While the US market has recovered all its losses, the UK market is still way behind where it was at the start of the year.?
The S&P 500, the US’ main stock market, has now fully recovered all its losses for the year following a rally on Monday (9 June). Meanwhile, the Nasdaq composite index, an index of technology-focused stocks, set new a record high.
While there is still the prospect of a second wave of coronavirus and therefore potentially another lockdown, for now markets are broadly optimistic that the US economy will be able to stage a strong recovery.
For UK investors, the latest rally now means that measured year-to-date, the S&P 500 has provided a total return of 5.03% in sterling terms (a stronger dollar has helped to boost returns for UK investors counting their returns in pound sterling). Meanwhile, the Nasdaq index has provided a return of 15.92% in sterling terms.
Those returns stand head and shoulders above that provided by the UK’s main indices. Measured since the start of the year, the FTSE 100 has provided a total return of -12.9%. Similarly, the FTSE 250 has lost 16.5% and the FTSE All-Share has lost 13.5%.
There are several reasons for the difference in performance. The US market has been in recovery since the end of March, consistently staging strong rallies. This was largely the result of the composition of the US market.
The UK’s main indices lean?heavily towards banks and energy companies. Low interest rates and low oil prices have not boded well for companies in this sector. In comparison, the US market is increasingly dominated by technology-related companies such as the so-called FAANG stocks (Facebook, Amazon, Apple, Netflix and Google). These companies, and other similar ones found listed in the US, have broadly continued to thrive in the pandemic.
This sector exposure also gives the US market a greater exposure to growth stocks relative to value stocks. The conditions that have seen investors favour growth over value (low interest rates, low economic growth, low inflation) have all continued or been exacerbated by the pandemic.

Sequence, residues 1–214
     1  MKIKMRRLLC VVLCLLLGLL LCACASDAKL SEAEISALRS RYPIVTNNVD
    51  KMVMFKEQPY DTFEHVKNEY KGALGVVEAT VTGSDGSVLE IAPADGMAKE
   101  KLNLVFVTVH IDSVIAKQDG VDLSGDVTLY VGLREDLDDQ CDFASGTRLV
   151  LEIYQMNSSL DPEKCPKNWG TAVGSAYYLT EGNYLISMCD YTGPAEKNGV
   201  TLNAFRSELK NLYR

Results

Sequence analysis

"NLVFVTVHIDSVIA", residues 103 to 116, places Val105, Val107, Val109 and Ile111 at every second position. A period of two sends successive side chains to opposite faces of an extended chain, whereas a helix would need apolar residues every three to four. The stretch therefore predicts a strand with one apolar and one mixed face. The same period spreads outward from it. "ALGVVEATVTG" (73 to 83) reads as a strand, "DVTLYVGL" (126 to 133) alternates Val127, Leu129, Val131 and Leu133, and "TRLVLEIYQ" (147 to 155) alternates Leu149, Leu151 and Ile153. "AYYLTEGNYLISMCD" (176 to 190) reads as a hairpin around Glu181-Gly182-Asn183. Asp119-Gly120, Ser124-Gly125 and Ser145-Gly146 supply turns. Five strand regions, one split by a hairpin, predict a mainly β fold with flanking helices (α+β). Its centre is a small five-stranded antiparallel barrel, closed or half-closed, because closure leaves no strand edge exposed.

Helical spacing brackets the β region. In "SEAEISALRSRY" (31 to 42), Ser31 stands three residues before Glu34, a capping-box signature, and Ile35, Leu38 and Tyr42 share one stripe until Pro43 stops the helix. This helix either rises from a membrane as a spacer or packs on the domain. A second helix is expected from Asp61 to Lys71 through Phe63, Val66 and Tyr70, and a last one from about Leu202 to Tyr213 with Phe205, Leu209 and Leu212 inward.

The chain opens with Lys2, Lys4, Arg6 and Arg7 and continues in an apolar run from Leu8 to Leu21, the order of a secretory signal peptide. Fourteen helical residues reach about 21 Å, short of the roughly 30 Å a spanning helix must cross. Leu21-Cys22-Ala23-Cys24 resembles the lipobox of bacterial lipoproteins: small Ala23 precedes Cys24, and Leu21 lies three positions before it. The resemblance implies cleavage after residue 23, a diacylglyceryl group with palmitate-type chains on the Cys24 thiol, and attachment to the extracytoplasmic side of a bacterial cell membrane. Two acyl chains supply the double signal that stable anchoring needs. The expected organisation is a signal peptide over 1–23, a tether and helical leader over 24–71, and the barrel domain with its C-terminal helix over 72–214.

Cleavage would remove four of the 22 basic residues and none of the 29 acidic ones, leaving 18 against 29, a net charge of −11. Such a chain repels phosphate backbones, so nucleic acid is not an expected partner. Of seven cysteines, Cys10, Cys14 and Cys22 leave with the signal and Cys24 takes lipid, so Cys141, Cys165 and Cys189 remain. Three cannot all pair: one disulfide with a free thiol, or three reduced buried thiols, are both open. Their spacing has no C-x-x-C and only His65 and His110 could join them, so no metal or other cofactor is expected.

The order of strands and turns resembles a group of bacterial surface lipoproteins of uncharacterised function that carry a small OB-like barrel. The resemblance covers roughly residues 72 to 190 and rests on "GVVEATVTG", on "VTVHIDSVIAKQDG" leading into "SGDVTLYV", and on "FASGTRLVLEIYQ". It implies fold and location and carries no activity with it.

On top of this the UK market is also heavily dependent on dividend payers. A slew of companies have cut or suspended their dividends. The share prices of some of these companies will likely not fully recover until they either restore their dividend or start growing their payments again.
So ever since the initial sell-off the US market has raced ahead of its international competitors, including the UK.
However, now other parts of the US market have started to recover in this latest rally. As Mihir Kapadia, chief executive of Sun Global Investments, notes: “In the last two weeks, the pattern has changed as the beaten-down sectors,?which would benefit from the gradual lifting of the lockdown such as airlines, hospitality, cyclicals and industrials, have risen very sharply from beaten-down levels.”
Most notably, unemployment figures in the US for May were much better than expected. Economists had predicted a continued increase in unemployment numbers in May – instead, the actual numbers fell. Kapadia says: “With lockdowns easing and the spread of Covid-19 slowing, investors anticipate an increase in demand, which should support economic recovery.”
This optimism has buoyed markets around the world, including those in the UK, to some extent. After all, what is good for the US economy is broadly good for the world economy.
However, when it comes to the UK, several risks are still hanging over the UK economy. These include the prospect of a no-deal Brexit and the potential for the government to embark?on a new round of austerity.
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